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I don't think the Court is going to give the NFL everything they want either. The NFL will probably get something, but not unfettered antitrust status. So the scenario I laid out is a long shot at best, but that is more or less what the NFL COULD do if they get the lock, stock, and barrel from the Supreme Court.

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January 18th, 2010, 12:32 pm
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tjkac, I'm sorry, but I disagree with almost everything you're saying here. Regardless of what the Supreme Court ruling is, the league and the union will still have to negotiate a Collective Bargaining Agreement. It will not give the NFL the power to do whatever it wants in terms of salary, free agency, etc. because those issues will still need to be addressed in the CBA. With that said, the NFL would gain leverage and it would severely hurt the union's ability to gain everything that it wants during the negotiations.

The real reason that the union is opposed to the NFL being ruled a single entity is because it would destroy their lockout strategy. For years, the NFLPA has threatened to decertify and sue the league for violating antitrust laws if they were ever locked out. If the NFL is deemed to be a single entity, then the antitrust laws wouldn't apply and the union wouldn't be able to sue them on that basis. That's what they're afraid of.

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January 18th, 2010, 1:15 pm
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Actually I agree with your points.

The NFLPA should be afraid of this for the reasons you state and it is those same reasons that what I said could happen.

The NFL is the only league for football players to play in and make money. Without the ability to sue for antitrust violations, what recourse does the NFLPA have but to accept whatever the league gives them? Where else are the players going to go and play? The CFL? Maybe some of them would. But certainly not all the NFL players.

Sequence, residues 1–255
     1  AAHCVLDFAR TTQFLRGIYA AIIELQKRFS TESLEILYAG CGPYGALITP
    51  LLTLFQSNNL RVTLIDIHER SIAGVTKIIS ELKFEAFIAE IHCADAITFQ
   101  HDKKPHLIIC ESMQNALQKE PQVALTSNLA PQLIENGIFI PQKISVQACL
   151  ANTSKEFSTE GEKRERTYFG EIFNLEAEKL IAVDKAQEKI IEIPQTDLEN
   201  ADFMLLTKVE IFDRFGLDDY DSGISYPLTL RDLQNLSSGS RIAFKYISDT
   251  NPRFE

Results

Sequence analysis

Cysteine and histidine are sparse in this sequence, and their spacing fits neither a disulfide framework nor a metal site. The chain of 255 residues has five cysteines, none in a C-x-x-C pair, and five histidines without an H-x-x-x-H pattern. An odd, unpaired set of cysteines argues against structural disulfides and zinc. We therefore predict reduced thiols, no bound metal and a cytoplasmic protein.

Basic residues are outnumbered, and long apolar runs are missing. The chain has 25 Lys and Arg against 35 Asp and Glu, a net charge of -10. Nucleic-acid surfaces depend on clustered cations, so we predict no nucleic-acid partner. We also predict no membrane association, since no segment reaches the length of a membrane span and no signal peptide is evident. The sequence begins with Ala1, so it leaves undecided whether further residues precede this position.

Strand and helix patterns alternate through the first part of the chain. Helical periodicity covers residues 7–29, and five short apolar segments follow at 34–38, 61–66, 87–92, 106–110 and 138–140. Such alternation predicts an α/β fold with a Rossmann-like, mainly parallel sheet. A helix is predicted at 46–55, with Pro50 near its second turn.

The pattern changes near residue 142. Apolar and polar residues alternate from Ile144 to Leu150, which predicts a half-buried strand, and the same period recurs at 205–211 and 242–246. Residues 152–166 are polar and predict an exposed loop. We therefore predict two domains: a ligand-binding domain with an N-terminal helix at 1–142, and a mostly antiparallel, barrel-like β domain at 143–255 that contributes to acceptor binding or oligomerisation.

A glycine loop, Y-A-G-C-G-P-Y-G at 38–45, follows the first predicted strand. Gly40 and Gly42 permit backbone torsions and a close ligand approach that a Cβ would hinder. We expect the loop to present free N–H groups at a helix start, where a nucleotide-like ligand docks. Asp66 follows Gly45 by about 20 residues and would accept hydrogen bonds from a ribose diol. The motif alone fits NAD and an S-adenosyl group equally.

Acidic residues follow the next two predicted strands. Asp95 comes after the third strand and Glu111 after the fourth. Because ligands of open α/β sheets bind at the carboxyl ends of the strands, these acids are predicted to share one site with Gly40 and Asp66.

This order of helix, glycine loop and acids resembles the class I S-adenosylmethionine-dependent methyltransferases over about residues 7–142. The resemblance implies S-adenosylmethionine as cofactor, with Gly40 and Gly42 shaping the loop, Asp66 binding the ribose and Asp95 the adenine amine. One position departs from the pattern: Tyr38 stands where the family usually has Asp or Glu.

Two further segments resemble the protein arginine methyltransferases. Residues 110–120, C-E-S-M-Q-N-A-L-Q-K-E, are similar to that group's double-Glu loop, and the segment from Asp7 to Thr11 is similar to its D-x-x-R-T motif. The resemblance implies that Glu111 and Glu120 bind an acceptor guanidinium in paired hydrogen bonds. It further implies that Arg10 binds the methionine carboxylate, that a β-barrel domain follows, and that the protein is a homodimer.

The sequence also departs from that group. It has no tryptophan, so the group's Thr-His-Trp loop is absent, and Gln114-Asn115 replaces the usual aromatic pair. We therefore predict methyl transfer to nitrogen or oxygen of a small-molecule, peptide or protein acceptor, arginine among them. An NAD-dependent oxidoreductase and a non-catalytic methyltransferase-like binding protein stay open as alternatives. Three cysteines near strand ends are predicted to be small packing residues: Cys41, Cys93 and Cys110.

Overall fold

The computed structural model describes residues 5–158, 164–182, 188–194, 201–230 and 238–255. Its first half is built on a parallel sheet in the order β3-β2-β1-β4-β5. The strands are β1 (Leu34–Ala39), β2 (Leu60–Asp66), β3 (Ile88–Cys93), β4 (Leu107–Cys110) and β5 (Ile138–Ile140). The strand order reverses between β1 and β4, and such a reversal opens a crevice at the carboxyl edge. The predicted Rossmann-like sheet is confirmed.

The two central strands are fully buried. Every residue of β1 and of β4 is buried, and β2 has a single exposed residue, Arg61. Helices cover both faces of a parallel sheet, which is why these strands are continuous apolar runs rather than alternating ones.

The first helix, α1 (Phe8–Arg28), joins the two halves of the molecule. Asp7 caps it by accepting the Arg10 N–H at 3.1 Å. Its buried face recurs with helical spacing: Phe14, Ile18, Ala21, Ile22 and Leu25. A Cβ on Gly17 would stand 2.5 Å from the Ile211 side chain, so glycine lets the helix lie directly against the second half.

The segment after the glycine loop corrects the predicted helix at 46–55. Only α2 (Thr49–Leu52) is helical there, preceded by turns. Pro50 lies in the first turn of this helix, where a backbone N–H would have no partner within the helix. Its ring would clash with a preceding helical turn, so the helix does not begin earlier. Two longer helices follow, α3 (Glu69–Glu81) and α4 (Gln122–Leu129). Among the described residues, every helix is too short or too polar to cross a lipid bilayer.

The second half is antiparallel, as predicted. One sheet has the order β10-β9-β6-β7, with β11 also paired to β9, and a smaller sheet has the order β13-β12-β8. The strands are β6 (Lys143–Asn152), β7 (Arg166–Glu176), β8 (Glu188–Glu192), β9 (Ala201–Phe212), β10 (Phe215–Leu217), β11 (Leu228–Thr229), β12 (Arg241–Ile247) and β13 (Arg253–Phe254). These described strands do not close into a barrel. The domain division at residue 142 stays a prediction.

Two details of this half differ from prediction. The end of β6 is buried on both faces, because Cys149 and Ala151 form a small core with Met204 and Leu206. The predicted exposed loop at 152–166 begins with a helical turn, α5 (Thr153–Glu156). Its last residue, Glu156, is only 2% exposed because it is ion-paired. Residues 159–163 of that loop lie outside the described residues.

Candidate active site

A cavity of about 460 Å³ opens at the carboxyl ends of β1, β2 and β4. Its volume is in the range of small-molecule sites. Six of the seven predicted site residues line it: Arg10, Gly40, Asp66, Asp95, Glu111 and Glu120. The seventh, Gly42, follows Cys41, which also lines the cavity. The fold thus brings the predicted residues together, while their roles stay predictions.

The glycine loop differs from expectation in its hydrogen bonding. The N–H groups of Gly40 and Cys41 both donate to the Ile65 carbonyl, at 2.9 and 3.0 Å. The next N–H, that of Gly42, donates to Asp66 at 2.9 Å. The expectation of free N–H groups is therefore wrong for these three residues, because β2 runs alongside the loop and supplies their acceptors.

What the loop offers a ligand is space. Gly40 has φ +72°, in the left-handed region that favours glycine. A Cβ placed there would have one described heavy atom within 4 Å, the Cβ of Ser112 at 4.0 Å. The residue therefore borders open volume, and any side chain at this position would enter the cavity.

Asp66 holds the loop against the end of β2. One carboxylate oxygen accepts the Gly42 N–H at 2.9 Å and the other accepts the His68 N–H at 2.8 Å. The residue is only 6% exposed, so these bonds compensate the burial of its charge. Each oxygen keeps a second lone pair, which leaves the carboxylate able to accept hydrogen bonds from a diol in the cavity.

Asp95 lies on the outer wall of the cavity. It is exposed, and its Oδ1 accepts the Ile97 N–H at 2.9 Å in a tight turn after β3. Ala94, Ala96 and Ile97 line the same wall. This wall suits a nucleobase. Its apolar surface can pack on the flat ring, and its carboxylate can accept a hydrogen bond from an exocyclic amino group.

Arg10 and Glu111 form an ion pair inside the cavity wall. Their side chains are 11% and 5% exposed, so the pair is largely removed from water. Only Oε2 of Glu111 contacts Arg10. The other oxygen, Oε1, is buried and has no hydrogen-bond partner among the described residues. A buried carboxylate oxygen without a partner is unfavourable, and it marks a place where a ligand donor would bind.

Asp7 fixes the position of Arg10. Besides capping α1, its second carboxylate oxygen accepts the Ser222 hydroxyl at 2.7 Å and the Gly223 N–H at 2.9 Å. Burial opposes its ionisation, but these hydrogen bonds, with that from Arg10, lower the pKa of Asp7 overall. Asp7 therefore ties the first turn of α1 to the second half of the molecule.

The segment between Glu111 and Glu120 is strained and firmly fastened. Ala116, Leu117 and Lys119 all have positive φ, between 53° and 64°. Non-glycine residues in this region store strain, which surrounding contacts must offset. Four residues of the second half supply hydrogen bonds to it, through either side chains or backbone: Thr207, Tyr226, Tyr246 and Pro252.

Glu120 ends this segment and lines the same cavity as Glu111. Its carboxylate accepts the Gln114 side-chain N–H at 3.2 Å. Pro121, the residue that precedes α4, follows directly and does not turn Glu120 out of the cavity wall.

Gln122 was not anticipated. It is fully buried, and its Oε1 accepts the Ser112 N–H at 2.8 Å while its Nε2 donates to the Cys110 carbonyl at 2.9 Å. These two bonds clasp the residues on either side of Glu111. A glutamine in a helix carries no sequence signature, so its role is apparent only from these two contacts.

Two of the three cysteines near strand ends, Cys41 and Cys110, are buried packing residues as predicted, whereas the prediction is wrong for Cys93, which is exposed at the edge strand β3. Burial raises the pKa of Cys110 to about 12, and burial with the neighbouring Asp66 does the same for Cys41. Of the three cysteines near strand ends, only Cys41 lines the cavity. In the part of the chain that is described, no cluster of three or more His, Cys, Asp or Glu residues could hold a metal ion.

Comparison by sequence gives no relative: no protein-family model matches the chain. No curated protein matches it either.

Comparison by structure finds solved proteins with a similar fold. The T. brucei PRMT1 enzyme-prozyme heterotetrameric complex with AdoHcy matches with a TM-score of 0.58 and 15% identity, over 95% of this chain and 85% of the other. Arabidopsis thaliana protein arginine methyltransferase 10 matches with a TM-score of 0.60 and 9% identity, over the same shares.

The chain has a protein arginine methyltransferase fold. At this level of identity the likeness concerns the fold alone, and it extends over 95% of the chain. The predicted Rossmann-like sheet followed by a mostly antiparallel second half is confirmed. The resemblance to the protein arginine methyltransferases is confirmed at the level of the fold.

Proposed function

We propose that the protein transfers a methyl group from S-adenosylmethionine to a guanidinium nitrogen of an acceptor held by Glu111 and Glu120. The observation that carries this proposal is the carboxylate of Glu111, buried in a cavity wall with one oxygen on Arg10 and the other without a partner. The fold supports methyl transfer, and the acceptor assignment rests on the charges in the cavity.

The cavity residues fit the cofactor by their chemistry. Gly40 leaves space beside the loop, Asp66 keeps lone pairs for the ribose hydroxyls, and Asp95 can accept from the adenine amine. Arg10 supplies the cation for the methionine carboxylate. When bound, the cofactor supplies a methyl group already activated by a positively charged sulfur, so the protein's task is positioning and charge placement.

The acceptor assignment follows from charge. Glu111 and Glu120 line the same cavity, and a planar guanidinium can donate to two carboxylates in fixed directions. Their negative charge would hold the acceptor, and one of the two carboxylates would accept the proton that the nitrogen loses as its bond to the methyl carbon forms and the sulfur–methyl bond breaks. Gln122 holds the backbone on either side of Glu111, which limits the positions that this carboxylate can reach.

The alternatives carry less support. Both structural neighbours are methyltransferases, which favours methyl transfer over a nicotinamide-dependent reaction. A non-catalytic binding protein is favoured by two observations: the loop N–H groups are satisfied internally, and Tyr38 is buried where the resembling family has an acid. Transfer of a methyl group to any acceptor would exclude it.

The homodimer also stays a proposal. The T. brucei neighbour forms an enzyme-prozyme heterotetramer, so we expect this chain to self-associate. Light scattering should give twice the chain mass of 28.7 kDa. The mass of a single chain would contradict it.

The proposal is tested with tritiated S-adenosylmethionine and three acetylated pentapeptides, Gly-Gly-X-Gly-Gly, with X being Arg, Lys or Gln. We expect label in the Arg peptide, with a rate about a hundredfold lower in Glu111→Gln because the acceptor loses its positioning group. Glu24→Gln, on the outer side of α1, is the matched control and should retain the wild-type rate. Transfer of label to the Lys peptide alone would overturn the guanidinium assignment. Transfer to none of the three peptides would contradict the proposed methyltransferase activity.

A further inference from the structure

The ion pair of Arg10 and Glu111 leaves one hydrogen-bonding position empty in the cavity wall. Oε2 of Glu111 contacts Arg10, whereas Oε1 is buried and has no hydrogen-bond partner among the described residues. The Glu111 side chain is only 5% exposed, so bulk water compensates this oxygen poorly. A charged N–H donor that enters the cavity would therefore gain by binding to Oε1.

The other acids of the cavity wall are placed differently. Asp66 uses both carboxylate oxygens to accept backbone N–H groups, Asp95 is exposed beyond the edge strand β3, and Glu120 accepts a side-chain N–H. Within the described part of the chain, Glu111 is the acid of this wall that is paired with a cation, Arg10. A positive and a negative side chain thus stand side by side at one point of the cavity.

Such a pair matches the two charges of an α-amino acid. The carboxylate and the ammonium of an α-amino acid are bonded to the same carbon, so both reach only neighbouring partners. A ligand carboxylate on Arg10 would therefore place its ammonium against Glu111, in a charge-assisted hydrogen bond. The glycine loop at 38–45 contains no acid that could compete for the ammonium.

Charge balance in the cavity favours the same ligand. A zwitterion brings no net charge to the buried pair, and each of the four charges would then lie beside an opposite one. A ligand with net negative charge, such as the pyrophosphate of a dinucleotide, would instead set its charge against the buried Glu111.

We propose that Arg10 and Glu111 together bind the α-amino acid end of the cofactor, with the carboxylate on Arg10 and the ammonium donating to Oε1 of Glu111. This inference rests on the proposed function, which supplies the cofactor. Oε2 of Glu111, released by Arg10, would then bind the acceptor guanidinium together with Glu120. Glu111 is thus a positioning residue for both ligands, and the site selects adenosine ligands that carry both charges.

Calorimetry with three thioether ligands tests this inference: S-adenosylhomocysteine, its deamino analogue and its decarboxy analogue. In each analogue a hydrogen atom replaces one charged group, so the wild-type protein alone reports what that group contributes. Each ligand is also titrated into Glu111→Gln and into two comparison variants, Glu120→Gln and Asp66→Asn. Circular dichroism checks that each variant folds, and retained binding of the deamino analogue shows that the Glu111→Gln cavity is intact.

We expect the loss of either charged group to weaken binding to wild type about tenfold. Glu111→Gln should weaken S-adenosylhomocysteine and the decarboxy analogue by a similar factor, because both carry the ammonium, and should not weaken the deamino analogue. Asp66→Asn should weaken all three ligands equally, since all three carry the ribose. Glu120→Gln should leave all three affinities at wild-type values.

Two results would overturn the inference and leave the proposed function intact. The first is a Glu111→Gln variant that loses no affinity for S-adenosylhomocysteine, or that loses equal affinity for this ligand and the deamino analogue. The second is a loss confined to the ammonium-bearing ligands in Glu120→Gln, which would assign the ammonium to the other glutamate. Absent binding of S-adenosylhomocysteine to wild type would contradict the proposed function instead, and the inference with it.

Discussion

If the NFL gets the ruling they want, they can in effect basically say to the NFLPA, here's our terms, take it or leave it. What answer does the NFLPA have if there are no antitrust violations to cite?

Sure somebody could try to start a new league, but good luck with that since most of the stadiums are owned by the NFL owners.

So yes, you are correct that there would still have to be a CBA, however, there would be nothing to stop the NFL from dictating the terms of that CBA.

The players could not accept the new CBA. So what? The league gets replacement players that are willing to take the deal. The quality would go down, but in a year or two your going to have a whole bunch of college players and ex-NFLer's that are going to be looking longingly at that paycheck.

A ruling like the NFL wants is a game changer for the league because unlike baseball, the NFL will use the antitrust status to its advantage. The league operates as a virtual monopoly as it is, antitrust status would just enable them all the more.

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January 18th, 2010, 2:34 pm
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OK, I understand your point better now, but you're forgetting a very important aspect of all this. Who owns the NFL and would have to ratify any CBA agreement? The answer is the 32 individual team owners (kinda like a board of directors) and most of them have egos that wouldn't allow the league office to dictate how they should run every facet of their team. There isn't any way that Dan Snyder, Jerry Jones, and a few others would approve such an agreement that limits their own ability to run their team as they see fit.

That's why I took issue with this statement of yours:
tjkac wrote:
If the NFL gets the ruling it wants (i.e. broad antitrust immunity) then it can set compensation for the players...all the players. The players will no longer be bargaining with the individual teams for contracts. Instead they will have to bargain with the NFL as a single entity. So the power shifts to the NFL because it can say, "we will pay you this much, take it or leave it." Individual NFL owners will be powerless to negotiate differently. Free agency and rookie contracts as we know them will be gone.

The owners simply won't give the league office that much power.

I do agree with you that the players would be screwed though. They wouldn't be able to sue the NFL and they realistically wouldn't have any other place to go. I suppose the UFL would grow much stronger, but not to the point that they could rival NFL player salaries. The players would be forced to take whatever the NFL offers, but I seriously doubt it will reach that point.

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January 18th, 2010, 3:26 pm